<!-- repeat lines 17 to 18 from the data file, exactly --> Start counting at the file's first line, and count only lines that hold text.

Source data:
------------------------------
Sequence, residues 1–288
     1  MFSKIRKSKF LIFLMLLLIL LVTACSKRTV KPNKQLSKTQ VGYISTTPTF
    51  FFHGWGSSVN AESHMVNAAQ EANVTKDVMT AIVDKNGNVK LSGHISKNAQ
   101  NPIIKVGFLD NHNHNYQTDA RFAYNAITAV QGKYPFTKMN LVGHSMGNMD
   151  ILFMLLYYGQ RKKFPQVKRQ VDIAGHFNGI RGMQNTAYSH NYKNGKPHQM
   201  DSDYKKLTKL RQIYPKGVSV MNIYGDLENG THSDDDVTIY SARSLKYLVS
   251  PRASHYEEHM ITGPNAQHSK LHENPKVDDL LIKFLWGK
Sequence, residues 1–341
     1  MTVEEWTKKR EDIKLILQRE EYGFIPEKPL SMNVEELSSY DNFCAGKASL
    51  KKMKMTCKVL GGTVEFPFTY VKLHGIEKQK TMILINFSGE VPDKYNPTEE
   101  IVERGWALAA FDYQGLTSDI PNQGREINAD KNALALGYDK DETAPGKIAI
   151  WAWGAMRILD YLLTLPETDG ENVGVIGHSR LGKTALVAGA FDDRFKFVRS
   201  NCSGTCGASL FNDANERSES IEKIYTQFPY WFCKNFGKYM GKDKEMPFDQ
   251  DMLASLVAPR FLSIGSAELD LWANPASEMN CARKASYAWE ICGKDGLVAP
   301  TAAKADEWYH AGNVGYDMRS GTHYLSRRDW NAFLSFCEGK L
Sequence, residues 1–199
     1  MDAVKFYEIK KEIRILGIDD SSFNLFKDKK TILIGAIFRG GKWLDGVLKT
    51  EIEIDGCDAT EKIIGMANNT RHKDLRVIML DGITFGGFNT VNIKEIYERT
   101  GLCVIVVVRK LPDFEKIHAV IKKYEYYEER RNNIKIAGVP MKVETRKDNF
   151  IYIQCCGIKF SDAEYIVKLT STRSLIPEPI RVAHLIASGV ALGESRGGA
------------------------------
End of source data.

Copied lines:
     1  MDAVKFYEIK KEIRILGIDD SSFNLFKDKK TILIGAIFRG GKWLDGVLKT
    51  EIEIDGCDAT EKIIGMANNT RHKDLRVIML DGITFGGFNT VNIKEIYERT